Today's article will be a little different that my usual entries. Instead of one, lengthy topic, I'm going to be covering several, unrelated subjects including some nostalgia, a restaurant recommendation, an editorial, and a juicy rumor. Let's start with nostalgia.
As a young man of 18, I had the good sense to save my first paystub from my job at Disneyland. I knew someday that I would find it of interest and it would rekindle memories. A few years ago, I went looking for it to include in one of my blogs. I opened box after box of my Disney paper-memorabilia collection, but my paystub could not be found. Discouraged, I gave up looking for it. A year later, I decided to look for it again, thinking I just missed it the first time around. But alas, it was nowhere to be found. I reasoned it had somehow been inadvertently thrown away.
Last month, I had movers arrive at my house to pack up most of my belongings for storage and move a selected few pieces of furniture to my apartment. One of these items was a chest of drawers. In preparation for the move, I emptied everything out of the drawers. And no, I didn't find the paystub in one of the drawers -- yet.
Later that night at the apartment, I started refilling my chest with clothes and other belongings. When opening one of the bottom drawers, I found my paystub. Apparently, when the movers upended the chest and placed it on their dolly, it dislodged the paystub from some hidden spot for me to find. Hurray.
I thought you might get a laugh at the dollar amounts. Although my hourly wage as a Miscellaneous Kitchen Helper would be $1.71 per hour, I was paid an astounding $2.15 per hour to attend Orientation (called Traditions today). I was also given a meal payment of $1.50 that bought a full lunch at the company cafeteria.
I've turned the paystub on its side so the check would be larger and you could see the amounts better. My, how things have changed in 42 years.
Because this is a "hodgepodge" blog, this will not be a full restaurant review, but rather a restaurant recommendation.
Splitsville is a new bowling alley that opened at Downtown Disney Westside last year. Even though I'm not a bowler, I had to check it out simply because it is on Disney property.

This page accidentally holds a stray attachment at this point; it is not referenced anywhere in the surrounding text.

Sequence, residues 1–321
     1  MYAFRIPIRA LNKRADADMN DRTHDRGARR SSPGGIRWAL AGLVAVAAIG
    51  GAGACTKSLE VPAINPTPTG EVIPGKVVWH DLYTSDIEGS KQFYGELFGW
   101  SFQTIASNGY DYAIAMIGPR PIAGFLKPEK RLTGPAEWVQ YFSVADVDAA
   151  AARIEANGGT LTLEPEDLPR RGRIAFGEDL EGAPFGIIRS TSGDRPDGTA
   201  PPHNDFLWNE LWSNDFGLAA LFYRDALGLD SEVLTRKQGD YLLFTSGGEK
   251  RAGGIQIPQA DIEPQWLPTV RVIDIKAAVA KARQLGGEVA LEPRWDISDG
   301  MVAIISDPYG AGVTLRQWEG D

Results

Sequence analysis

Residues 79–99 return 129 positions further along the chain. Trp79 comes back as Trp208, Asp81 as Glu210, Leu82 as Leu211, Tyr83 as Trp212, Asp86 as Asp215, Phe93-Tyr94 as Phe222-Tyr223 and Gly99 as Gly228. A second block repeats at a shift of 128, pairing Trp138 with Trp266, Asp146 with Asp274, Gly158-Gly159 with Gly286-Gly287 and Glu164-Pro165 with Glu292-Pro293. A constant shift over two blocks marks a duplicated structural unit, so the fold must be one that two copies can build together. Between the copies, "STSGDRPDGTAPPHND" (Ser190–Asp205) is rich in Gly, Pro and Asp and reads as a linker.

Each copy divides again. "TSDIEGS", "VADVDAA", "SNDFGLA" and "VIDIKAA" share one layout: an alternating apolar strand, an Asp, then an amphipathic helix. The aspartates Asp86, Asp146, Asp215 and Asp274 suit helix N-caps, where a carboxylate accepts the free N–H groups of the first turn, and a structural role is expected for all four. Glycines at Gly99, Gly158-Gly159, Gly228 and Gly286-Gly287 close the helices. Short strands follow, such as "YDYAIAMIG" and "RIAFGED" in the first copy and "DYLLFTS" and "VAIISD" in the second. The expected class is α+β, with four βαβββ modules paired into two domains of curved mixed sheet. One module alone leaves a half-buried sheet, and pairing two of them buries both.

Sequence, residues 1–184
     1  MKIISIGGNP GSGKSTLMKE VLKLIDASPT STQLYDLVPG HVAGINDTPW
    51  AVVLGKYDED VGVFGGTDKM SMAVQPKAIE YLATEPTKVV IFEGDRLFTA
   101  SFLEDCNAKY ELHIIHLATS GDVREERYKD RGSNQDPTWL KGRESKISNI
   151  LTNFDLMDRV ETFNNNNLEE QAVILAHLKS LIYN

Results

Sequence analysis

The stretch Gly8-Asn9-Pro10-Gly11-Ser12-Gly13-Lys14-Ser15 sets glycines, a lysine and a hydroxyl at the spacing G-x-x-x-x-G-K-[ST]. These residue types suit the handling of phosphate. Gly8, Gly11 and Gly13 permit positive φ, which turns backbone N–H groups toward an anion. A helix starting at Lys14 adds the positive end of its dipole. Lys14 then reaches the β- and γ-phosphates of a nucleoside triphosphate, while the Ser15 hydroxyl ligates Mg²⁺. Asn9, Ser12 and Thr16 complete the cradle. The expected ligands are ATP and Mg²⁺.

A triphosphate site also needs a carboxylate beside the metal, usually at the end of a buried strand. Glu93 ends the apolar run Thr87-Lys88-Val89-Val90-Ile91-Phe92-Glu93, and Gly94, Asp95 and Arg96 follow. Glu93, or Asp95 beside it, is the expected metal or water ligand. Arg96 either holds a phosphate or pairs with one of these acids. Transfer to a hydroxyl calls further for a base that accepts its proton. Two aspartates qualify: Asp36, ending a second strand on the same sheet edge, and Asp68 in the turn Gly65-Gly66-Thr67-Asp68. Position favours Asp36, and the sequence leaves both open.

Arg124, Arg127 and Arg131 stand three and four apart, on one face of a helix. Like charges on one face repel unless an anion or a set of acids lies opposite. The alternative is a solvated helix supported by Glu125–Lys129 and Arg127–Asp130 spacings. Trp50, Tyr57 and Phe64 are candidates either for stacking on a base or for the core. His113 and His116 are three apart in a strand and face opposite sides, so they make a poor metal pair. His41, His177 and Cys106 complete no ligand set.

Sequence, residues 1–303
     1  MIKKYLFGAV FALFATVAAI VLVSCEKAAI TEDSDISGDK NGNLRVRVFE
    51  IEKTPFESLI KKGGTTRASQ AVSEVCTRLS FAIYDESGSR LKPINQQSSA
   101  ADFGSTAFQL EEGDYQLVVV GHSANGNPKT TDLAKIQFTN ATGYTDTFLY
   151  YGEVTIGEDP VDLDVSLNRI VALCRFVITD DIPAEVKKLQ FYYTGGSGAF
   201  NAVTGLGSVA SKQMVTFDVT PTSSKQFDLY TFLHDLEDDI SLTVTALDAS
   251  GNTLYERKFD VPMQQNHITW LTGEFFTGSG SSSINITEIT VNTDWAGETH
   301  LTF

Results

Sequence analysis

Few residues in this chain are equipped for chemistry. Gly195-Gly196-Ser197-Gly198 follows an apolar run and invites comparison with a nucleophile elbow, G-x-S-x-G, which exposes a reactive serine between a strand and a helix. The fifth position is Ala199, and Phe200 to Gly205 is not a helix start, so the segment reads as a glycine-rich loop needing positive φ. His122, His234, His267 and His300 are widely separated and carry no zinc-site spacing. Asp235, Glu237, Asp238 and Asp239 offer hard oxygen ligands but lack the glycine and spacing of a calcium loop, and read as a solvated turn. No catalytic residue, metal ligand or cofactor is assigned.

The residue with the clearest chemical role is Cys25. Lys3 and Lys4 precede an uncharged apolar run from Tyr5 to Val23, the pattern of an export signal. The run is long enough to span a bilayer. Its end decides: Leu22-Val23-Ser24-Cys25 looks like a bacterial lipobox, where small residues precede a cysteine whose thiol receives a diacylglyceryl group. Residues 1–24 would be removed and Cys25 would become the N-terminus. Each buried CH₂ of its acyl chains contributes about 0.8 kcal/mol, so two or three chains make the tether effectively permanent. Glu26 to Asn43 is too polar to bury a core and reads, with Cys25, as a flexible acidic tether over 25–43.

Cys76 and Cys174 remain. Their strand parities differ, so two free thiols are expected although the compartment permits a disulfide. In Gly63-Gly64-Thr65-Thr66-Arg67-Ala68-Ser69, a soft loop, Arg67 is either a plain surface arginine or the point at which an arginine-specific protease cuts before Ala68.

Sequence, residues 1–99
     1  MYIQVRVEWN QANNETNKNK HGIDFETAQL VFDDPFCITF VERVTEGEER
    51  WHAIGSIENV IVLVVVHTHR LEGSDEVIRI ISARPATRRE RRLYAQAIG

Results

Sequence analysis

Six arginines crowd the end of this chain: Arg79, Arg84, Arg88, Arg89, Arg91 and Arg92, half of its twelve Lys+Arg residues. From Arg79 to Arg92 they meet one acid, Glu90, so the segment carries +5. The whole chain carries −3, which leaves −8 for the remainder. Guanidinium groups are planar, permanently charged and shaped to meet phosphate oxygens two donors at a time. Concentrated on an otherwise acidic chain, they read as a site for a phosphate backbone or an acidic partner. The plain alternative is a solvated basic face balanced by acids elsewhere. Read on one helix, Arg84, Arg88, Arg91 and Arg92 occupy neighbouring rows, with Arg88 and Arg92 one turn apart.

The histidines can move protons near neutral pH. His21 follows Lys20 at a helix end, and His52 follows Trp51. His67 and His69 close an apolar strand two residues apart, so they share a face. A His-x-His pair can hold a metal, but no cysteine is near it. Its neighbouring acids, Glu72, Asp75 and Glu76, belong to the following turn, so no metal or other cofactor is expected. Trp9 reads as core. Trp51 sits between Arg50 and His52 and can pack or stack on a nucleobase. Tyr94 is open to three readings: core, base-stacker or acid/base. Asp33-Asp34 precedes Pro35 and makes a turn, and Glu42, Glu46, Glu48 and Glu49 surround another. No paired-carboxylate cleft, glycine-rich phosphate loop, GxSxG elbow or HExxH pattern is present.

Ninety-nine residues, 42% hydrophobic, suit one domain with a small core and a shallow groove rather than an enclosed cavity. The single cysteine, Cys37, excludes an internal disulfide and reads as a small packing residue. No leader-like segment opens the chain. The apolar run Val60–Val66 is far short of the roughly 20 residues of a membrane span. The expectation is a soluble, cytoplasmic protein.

Splitsville is not your father's bowling alley. This is a sophisticated entertainment complex with one foot in the 1950's and the other in the 2010's. Here is what is offered:
"’ 30 Bowling Lanes
"’ Upscale Food, including 2 sushi bars
"’ Live Music
"’ Outdoor Patio Dining
"’ Billiards Tables
Even though I don't bowl, I still wanted to experience Splitsville, so I decided to have lunch with some friends one afternoon. When we arrived, we were asked if we wanted to sit indoors or out. Since it was somewhat cool, we opted for one of their very attractive indoor booths.
We were all impressed with the service. Our waiter arrived promptly and was attentive without being overbearing. He remembered who ordered what when bringing us our food - a major grading point for me when evaluating service.
We were all very impressed with the food. Along with traditional bowling alley fair such as pizza, burgers, nachos, and fries, gourmet selections such as Mahi Mahi with Voodoo Shrimp, California Roll, Seared Ahi Tuna Salad, and Steak Chimichurri are also on hand. To see the complete menu, click here.
I was impressed enough that I decided to return a week later. This time, the weather was remarkable. Because of this, I chose to sit on the second story balcony.